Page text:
17 Issues with over and under recovery Eddie Blackburn Brussels – 19 July 2011 Stakeholder workshop on tariff aspects of the draft CAM network code

18 Issues with over and under recovery Under recovery; contributing factors are: – Aggregate level of capacity sold being less than forecast – Greater than expected profiling of capacity to meet flow requirements – Target (allowed) revenue increasing following the auction Over recovery; contributing factors are: – Aggregate level of capacity sold being greater than forecast – Less than expected profiling of capacity to meet flow requirements – Target (allowed) revenue reducing following the auction – Capacity sold at prices in excess of the reserve price The method of managing under/over recovery might depend on the contributing factors 18

19 Issues with over and under recovery Examples of current, quite different ways of dealing with over and under recovery Commodity charge (GB) – Under recovery is charged to all users flowing gas (including flat users) floating regulated price under an auction premium (DE) – System wide smearing of over recovery to all capacity tariffs – Regulated reserve price of products, already auctioned, may change over time, as the TSO cost basis changes. Regulatory account – Under/over recovery is passed through to the next year 19

20 Issues with over and under recovery General options for dealing with over and under recovery: Retrospective v current year v future year Capacity v commodity Locational v entry/exit side only v system wide 20

21 Issues with over and under recovery Potential effects of different over and under recovery mechanisms and issues involved (1): Users who bid high at a location get money back: – perverse incentive to excessively outbid competitors Tariff adjustments to or from other users: – may create cross-subsidies Dedicated commodity charge may hamper trade: – acts as a tax on allocated gas quantities 21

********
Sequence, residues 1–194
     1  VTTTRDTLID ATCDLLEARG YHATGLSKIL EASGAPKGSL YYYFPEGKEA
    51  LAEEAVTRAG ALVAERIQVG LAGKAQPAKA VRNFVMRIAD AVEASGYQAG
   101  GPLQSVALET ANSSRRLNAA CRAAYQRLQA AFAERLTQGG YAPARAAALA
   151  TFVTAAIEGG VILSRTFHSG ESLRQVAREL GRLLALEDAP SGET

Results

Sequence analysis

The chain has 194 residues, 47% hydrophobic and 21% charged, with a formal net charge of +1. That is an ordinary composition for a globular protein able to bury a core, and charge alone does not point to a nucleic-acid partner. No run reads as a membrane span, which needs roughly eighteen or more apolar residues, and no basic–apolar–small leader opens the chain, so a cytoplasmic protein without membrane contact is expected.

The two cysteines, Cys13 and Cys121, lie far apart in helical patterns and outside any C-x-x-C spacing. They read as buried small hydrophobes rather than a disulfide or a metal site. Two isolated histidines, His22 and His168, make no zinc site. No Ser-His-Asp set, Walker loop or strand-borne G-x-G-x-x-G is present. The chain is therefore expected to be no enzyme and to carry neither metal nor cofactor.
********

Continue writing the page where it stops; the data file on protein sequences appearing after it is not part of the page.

22 Issues with over and under recovery Potential effects of different over and under recovery mechanisms and issues involved (2): Tariff volatility may become substantial, depending on e.g. number of points in system Ex-post over or under recovery mechanisms may involve cash and interest rate issues: – How are network users or TSOs treated in terms of the time value of money? 22

23 Issues with over and under recovery Conclusion Ex post over and under recovery correction will always have the potential to create cross- subsidisation and distortions, between users – at different locations, or – of different products, or – at different times. 23 It is therefore vital to ex-ante design tariffs such that ex-post correction need is minimised

24 Entry-Exit zone Allowed revenue: 400 Domestic Exits Revenue: 100 Revenue Entry: 100 Actual auction revenue: 200 Revenue Entry: 50 Revenue Exit: 50 Revenue Entry: 50 Revenue Exit: 50 Auction revenue exceeding allowed revenue: 100 To do: Where, when, and with what charge (capacity/commodity) to be returned to system users? Exercise 2 (1): over recovery

25 Entry-Exit zone Allowed revenue: 400 Domestic Exits Revenue: 100 Revenue Entry: 100 Actual auction revenue: 40 Revenue Entry: 50 Revenue Exit: 50 Revenue Entry: 50 Revenue Exit: 50 Revenue falling short of allowed revenue: 60 To do: Where, when, and with what charge (capacity/commodity) to be recovered from system users? Exercise 2 (2): under recovery

26 Wrap up Brussels – 19 July 2011 Stakeholder workshop on tariff aspects of the draft CAM network code

27 Wrap up 27